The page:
The grade school principal who I rarely saw or was aware of, but who depended heavily upon my mother as PTA president, the parent volunteers who put together the carnival I bought my first jewelry at, the mother who part-time coached my basketball and volleyball team one year, the grandmother from church who rode the bus with my brother to make sure he got to basketball tournaments without mishap, the friends of my parents who were great about supporting their role as parents and sometimes took us kids to give them a break, the lady at the concession stand who always had a smile, the mothers who volunteered to cook in that hot cabin kitchen at summer camp whose faces I can’t even see, the teenagers who listened to my stories as a kid, the girl who taught me to make mud pies.  And there were so many more.  Such small and even tiny events in my life throughout my childhood and then on into my adulthood.

So many people who had indirect and yet important positive influence upon my life.  And it was time for every one of them to be told “Thank You.”  Thank you for who you were then and who you are now.  Thank you for the small roles you have played, even if you didn’t think it mattered or anyone noticed.  Thank you for doing things the best you could or stepping out to do a small thing that had a trickle down effect upon the Soul that I AM.  Thank you for taking the time to Smile and to Listen.  Thank you for believing in me even when I didn’t know you.  Thank you for playing chase with a couple of bored kids stuck at an adult gathering. Thank you for loving my parents and believing that their job was important enough to support, even when you did not have children of your own.  Thank you for judging and encouraging me at the science fair. Thank you for sending my teacher that info on volunteer opportunities for young kids. Thank you for taking the time at the grocery store to tell me that a bag of apples can help you make a long drive better than gallons of coffee.  It’s saved me time and again!

Yes – those carnivals you slaved over meant something and positively affected us as kids.  Yes, taking the time to laugh at our jokes and look at our creations made a difference.  Yes, that piggyback ride at the church picnic made for a positive reference point in my sense of community. Yes, that handful of change you gave me at the store, when you didn’t even know me, touched my heart. Yes, that heart-felt talk you had at the city council meeting changed my life for the better, even if you weren’t sure what you were going to say or who would agree with you.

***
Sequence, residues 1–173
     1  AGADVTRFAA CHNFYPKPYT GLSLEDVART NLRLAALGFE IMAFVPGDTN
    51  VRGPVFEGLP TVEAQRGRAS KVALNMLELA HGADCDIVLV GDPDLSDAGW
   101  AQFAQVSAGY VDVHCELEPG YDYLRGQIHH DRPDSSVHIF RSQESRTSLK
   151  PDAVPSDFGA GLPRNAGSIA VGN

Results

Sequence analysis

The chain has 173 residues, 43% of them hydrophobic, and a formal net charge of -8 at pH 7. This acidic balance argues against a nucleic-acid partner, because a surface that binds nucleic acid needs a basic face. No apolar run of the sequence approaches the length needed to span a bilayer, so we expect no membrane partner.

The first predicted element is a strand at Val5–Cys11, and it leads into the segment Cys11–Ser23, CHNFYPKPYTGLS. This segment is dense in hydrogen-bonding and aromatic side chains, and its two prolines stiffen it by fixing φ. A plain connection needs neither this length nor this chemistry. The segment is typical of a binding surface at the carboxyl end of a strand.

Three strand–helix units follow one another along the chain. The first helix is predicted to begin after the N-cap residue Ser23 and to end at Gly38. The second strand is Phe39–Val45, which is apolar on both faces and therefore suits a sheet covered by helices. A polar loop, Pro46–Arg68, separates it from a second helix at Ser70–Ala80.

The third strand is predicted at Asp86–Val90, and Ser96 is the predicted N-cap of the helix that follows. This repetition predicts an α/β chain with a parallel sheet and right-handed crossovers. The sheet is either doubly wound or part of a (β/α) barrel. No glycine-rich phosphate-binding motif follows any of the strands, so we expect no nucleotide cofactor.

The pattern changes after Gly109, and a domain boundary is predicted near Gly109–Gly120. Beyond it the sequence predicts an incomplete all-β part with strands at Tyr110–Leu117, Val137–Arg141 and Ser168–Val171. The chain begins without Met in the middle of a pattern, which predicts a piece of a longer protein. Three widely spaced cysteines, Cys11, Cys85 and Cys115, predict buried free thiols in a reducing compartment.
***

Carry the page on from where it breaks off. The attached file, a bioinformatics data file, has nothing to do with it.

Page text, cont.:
Your insecurities don’t matter.  What does matter is what you did in spite of them and I thank you.

Thank you for the sense of community you fostered and gave me as an internal foundation to return to time and time again.  You have been a great teacher to me, even if you don’t remember me and we pass unknowingly on the street today.

We have connected, you and I.  And I am so very grateful!

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Life Has Taught Me That All Too Often You’re Better Off On Your Own


People let you down.  Teams, bosses and employees let you down.  Friends make promises they don’t keep.  Family members have insane expectations.  Colleagues take advantage of you and your work.  Leaders pretend to be people they aren’t.  Managers abuse their power.  Religious people prove to be hypocrites.  Atheists and politicians too.  Armchair warriors who can’t help but to give out a cyber punch/ jab/ pinch.  Like an abuser, justify it with “They deserved it.”  The people with those handicapped tags that aren’t really disabled and who cut you off in a parking lot so they can swoop quickly into that front row parking space before you pass it.  I’ve been cut off in parking lots by more people with temporary handicap tags lately than ever.  Wtf?

People who pretend to be experts at something they are not.  Receivers with no sense of gratitude or conscience.  And the guilty who take their guilt out on others when they fail.

And it generally boils down to a selfishness at heart.  A general disregard for a fellow human being.  The one right next to you, not the stranger from another culture you’re trying to impress.

It’s kind of like how family all too often treat each other worse than they would a stranger.  Biting the hands that feed and nurture them. Devolving into a vicious cycle of dysfunctional relationship and communication to rule the rest.  And now days, a couple of conversations online makes you familiar enough to take a punch, familiar enough to receive judgement and be devoid of rights to safety. Familiar enough to be disliked or hated, never having met face to face. And based solely on a paragraph or two.  I feel like a bit of my soul bruises every time I hear someone talk about how they hate someone else.

Have people disappointed me lately?  You bet.  People with enough life and professional experience to know better.  People who’ve received enough kindness too.  People who should know the value of a team, of a cause, of a single person or an act of selflessness.  How a betrayal of trust ruins it for all.  And how gratitude always wins.

Has it been everyone?  No. Not by a long shot.  But enough repeats to get to me.  I know better than most how tough life can be, so as patient and laid back as I can be, it takes a while to build up.  I wrote the emotionally charged title on purpose.  Because I know it speaks to the feelings of a lot of people lately.

This Thanksgiving, of all times, let’s think about this.  And not just football.  Take accounting, of ourselves, of the relationships we allow in our lives, of the examples we allow our children to see.  Recognize reality for what it is.  Take responsibility for ourselves, because others are not as invested.  Demonstrate patience and tenderness with others, because we know what pain is.  And savor the gems in our lives, rarer today than ever.